The other thing you need to consider when choosing a shot size for hunting turkeys is the size of turkey you will be hunting. In some areas turkeys are bigger than in other areas, so you need to choose a shot size that matches the size of your turkeys. If the turkey is large, then you will need the larger pellets to get proper penetration into the turkey, but if the turkey is small, then you can use the smaller shot size. When picking a shot size, you want one that is just big enough to bring down your target, but not so big that it ruins a bunch of the meat.

Patterning your gun.

So, now that you know the turkey size plays a big effect, because if you are hunting small turkeys, then you want a small shot size, but for bigger turkeys, you need a bigger size we will get into what patterning is and how it effects picking your shot size. When you pattern your gun, it is setting in up and practicing with the rounds to see how the pellets are going to come out of the shell.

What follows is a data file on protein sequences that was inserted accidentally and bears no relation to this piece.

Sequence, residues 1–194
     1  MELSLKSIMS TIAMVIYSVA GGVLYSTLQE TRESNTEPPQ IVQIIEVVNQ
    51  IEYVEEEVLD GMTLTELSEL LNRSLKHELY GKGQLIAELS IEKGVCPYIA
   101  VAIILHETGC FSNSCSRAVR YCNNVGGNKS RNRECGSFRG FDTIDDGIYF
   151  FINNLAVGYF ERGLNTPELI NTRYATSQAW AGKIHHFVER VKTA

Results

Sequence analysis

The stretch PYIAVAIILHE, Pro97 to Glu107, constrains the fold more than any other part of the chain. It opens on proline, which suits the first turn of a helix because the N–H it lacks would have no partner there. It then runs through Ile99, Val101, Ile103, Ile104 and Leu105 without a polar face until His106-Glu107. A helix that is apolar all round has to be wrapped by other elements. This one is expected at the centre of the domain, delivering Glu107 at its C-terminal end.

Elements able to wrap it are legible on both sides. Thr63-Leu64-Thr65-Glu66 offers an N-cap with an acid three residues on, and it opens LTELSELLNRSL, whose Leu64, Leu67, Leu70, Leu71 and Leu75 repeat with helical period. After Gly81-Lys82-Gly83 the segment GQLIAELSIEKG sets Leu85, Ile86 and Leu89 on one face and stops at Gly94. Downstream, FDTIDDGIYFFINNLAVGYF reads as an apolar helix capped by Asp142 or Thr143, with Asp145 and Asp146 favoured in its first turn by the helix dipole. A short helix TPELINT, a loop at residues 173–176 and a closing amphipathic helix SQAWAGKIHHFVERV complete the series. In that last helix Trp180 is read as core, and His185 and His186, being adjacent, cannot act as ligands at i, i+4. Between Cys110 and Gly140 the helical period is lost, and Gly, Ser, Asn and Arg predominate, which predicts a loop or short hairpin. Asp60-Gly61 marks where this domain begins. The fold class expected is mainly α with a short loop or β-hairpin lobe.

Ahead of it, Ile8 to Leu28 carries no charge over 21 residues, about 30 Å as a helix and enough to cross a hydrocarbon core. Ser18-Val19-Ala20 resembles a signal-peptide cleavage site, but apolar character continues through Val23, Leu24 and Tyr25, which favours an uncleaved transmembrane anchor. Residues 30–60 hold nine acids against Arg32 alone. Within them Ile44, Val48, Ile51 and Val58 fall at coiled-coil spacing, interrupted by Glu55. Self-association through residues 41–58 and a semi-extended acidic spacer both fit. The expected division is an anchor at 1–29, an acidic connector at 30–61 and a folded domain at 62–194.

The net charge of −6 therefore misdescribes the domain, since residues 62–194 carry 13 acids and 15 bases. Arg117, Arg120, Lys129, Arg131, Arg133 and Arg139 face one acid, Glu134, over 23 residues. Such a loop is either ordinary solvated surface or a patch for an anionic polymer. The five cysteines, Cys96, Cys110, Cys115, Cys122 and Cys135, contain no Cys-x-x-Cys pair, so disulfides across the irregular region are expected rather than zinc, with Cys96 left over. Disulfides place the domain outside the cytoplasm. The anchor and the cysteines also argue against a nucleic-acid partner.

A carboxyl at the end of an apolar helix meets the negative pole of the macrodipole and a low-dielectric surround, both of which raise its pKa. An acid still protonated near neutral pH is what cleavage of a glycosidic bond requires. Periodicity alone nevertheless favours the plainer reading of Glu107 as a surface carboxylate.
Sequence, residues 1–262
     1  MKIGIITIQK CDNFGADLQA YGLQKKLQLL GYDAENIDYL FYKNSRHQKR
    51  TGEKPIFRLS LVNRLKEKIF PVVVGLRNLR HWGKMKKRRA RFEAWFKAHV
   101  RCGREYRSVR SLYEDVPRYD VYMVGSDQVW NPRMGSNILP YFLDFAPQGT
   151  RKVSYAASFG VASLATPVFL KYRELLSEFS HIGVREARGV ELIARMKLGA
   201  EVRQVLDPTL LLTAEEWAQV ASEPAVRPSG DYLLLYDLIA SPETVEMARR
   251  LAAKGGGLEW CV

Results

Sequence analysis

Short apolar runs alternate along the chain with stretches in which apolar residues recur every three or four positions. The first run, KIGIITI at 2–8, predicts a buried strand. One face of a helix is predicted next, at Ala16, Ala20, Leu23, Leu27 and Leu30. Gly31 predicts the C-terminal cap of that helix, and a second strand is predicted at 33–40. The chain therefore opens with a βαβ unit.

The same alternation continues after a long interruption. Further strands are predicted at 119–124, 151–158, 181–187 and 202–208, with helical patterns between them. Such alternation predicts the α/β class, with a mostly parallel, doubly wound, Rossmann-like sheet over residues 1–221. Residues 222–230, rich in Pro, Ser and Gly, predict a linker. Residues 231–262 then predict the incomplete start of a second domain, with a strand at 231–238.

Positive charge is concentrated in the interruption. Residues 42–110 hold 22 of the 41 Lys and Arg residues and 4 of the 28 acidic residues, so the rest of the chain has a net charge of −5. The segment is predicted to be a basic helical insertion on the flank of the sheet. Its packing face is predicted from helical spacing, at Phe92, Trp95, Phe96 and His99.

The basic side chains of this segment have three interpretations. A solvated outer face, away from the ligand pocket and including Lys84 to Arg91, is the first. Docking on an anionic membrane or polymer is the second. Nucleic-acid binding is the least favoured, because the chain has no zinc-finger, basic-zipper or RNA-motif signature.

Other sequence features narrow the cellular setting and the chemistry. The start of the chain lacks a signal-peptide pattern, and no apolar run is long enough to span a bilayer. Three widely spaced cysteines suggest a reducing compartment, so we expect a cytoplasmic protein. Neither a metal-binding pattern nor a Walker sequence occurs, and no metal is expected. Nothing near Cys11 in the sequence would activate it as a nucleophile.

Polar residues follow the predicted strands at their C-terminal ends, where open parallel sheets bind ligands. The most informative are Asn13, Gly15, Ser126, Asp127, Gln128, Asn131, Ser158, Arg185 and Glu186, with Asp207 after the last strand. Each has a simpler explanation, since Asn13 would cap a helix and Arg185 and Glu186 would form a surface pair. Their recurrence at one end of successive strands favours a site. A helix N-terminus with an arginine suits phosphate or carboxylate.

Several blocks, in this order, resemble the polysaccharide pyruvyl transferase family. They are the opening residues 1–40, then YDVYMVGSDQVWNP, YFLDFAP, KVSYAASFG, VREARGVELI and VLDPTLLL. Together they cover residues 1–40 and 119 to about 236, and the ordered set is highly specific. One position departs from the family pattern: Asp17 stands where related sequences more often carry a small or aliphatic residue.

You want the shot to hit the target. It doesn’t matter if you are firing larger number fours if none of the shot hits the target. The same can be said about number sixes. If you can get a bunch to land on the turkey, then you can get a kill even though they are smaller.

When patterning your gun, you will want to fire multiple rounds thru it at targets of varying distances. Normally twenty feet, forty feet, and sixty feet are used. The targets are turkey pictures, and after shooting them, you look at the target and see how many pellets made it into the target. If the pattern is a good cluster at all the ranges, then your gun is patterned, but if they aren’t on the target, you will need to make adjustments and fire some more. Due to how guns work more pellets will hit the target at a closer distance than at farther away ones. That is because the pellets spread out as they travel. Once you have your gun pattern and have around that you like how it fires from your gun that is normally the right shot size for you.

Gun Gauge